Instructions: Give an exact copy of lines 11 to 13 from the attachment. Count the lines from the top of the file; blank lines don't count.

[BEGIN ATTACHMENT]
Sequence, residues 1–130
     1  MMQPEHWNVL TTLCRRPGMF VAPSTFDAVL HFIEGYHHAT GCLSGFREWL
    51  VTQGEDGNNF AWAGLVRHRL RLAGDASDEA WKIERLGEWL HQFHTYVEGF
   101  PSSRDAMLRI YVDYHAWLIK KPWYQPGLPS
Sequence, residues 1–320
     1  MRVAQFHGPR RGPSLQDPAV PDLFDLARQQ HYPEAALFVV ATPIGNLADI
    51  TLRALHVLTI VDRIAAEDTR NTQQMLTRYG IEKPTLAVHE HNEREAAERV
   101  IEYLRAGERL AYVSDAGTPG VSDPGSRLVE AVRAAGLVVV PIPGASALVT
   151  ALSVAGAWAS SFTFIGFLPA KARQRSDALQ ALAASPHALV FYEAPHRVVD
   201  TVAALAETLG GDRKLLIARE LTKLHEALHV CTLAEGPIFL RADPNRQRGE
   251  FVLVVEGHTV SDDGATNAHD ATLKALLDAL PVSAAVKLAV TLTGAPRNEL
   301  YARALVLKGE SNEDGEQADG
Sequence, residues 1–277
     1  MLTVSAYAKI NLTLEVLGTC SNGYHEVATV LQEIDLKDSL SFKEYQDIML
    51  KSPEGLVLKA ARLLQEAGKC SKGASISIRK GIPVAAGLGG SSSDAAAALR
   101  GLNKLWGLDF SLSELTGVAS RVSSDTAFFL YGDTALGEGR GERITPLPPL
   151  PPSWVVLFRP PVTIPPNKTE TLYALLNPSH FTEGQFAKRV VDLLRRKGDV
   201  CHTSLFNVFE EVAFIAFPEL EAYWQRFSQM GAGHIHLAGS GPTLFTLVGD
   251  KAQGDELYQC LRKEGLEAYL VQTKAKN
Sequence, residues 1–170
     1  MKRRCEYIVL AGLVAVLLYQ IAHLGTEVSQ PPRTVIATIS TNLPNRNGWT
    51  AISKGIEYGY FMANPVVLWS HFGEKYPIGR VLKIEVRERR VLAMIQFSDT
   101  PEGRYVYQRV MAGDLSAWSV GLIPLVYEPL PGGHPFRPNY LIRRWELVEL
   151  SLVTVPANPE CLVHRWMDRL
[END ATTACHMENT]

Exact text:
   251  FVLVVEGHTV SDDGATNAHD ATLKALLDAL PVSAAVKLAV TLTGAPRNEL
   301  YARALVLKGE SNEDGEQADG
Sequence, residues 1–277